Objective C and iOS
I already have some experience on iOS as a platform from creating a game using Unity3D for iOS. This was a great way to learn how to use TestFlight for beta testing, doing some Twitter integration, and learning the iTunes App Store submission and acceptance process.
But Unity3D isn’t everything. For non-game apps, it’s almost always better to go native.
My first native app was a simple grocery list tool. I designed it around my own requirements. Namely: I needed it to be quick to enter things from the grocery store and also store pictures of foods so I’d not forget them. There are undoubtedly a thousand apps that already do this, but then I’d not learn anything, right?
I followed some of the excellent tutorials on RayWenderlch.com to learn the ropes of using CoreData, managing Views, and the like. One tricky part was having the "Add New Shopping List Item" button not only take you to a Detail View for a new item, but also have the cursor and keyboard showing so you can simply start typing to enter the name.
I integrated TestFlight and distributed it to my family as beta testers. They gave me a little feedback and I iterated a few versions. For example, you swipe right to "check off" an item in the list, but you can also swipe left to "un-check-off" an item to add it back to the list. Also, the items in the list are sorted by add check-off-ed-ness and then by date added.
All-in-all, its a solid app for what I need it to do. It reached a point where it has enough functionality that I use it now as my sole way of tracking groceries.
If I were to add anything to it, I’d add support for multiple stores. I’ve drawn up the changes in the interface; I’d use a tab bar, I think. Each item could belong to multiple stores: for example you can buy laundry detergent at Target or at a grocery store. So I could simply select which store I’m at and get a list of things to buy there. That would match my use-case perfectly.
Once multiple store support worked, I’d turn it into an In App Purchase feature and release it out onto the iTunes App Store.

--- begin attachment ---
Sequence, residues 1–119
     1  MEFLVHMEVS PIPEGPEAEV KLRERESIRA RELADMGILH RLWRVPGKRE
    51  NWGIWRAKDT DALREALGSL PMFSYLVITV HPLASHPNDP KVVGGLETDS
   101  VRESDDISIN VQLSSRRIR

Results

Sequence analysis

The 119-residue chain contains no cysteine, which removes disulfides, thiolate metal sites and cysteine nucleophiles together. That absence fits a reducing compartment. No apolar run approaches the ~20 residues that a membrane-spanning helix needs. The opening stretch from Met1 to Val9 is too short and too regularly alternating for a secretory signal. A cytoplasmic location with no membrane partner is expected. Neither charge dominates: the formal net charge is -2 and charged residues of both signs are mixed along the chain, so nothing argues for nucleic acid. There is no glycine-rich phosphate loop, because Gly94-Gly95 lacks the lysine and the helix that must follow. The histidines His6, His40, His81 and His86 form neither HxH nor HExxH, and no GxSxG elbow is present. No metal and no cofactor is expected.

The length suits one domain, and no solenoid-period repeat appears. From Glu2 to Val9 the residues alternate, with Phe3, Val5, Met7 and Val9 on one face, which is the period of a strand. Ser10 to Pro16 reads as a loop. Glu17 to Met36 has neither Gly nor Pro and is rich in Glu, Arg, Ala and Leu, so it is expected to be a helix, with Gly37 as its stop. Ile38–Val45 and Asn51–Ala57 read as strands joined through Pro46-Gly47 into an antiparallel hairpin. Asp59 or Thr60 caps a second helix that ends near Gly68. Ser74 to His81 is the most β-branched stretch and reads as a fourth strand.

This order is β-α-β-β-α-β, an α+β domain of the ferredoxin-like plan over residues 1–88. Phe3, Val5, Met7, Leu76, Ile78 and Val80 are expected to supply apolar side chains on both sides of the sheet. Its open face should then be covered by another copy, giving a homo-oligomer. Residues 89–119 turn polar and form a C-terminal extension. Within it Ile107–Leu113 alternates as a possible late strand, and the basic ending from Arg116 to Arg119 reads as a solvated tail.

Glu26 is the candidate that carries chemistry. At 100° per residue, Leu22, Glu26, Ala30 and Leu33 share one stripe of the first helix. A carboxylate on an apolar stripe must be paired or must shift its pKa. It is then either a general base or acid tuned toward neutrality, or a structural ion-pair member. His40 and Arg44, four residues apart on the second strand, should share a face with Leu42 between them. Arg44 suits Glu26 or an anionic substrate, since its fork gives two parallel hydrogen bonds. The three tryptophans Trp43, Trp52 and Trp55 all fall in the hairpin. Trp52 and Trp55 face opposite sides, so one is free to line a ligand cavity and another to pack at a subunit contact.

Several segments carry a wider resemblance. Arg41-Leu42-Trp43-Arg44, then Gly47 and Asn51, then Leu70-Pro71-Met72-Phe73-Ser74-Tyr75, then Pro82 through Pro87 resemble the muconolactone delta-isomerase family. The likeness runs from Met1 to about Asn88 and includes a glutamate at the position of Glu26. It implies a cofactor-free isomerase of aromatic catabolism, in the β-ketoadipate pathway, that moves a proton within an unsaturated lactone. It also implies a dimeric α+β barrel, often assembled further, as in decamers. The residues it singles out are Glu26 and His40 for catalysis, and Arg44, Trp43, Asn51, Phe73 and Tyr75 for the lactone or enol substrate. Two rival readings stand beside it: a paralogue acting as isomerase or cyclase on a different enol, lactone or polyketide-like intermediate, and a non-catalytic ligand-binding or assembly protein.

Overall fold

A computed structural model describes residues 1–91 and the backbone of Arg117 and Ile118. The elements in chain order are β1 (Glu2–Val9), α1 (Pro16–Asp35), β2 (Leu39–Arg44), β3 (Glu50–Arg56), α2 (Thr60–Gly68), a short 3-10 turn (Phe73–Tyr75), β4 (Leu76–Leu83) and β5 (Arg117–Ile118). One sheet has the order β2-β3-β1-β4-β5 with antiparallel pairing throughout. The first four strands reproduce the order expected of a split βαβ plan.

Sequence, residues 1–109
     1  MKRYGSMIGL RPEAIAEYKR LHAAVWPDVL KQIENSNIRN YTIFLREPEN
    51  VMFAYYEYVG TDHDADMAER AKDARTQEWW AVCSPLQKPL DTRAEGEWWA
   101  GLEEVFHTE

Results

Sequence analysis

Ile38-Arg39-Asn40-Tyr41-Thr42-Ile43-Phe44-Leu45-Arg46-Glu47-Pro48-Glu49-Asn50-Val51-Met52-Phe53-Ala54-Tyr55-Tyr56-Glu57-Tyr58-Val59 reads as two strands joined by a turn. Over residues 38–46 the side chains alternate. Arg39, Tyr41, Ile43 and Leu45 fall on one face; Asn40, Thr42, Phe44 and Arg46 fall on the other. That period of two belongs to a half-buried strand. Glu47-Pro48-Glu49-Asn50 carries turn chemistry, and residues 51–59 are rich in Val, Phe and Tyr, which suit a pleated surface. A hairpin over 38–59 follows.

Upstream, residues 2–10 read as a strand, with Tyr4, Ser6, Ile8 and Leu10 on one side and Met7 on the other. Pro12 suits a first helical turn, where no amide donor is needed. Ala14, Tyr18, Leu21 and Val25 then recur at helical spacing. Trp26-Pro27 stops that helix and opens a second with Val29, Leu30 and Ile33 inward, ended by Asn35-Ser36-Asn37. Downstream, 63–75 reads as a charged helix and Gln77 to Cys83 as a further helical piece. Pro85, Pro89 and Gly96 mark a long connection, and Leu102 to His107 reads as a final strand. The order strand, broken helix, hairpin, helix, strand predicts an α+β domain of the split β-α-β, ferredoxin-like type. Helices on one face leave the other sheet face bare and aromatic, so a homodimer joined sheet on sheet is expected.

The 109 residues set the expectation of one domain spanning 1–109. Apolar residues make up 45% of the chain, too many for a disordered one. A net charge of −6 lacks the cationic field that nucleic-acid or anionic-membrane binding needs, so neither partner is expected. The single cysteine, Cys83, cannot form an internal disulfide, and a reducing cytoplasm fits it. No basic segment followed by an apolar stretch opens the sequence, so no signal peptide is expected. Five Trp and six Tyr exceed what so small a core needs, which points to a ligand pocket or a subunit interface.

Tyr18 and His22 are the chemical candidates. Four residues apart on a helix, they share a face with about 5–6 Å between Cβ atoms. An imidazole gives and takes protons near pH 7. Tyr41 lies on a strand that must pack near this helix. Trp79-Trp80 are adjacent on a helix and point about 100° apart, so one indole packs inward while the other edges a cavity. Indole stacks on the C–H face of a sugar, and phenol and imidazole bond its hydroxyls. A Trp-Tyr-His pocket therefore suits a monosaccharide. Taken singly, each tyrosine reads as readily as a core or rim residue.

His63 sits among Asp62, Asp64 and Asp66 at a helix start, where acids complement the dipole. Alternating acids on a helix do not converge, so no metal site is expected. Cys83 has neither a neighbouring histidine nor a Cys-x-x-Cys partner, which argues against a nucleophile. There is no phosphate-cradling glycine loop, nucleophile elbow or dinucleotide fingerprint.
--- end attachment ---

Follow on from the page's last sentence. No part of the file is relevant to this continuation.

My second native app is a 2D game using Cocos2D. It is designed to teach music students the lengths of different musical rhythms and how they fit into a single measure of different time signatures. In this game, you use sliders to solve a series of generated musical rhythm puzzles. Harder levels have more complex rhythms and more symbols to choose from.
It is based off a game designed by a piano teacher that she created out of paper. I made a quick prototype of my understanding of the game play and sent it to her. It became clear that there was some disconnect between my understanding and how she uses the paper version in the classroom/studio setting. Right now we’re working out the game play design.
I see this as the first of a series of educational games aimed at music teachers. Each would be sold at about $5 and marketed to encourage piano teachers to recommend them to the students (and parents of students) in their studios. $5 compares favorably to the typical price of a piece of sheet music, which is about $7. This series of apps would cross-promote amongst themselves since anyone interested in one educational music app would probably be interested in others. I also benefit by directly involving a music teacher in the development process as far as musical pedagogy is concerned.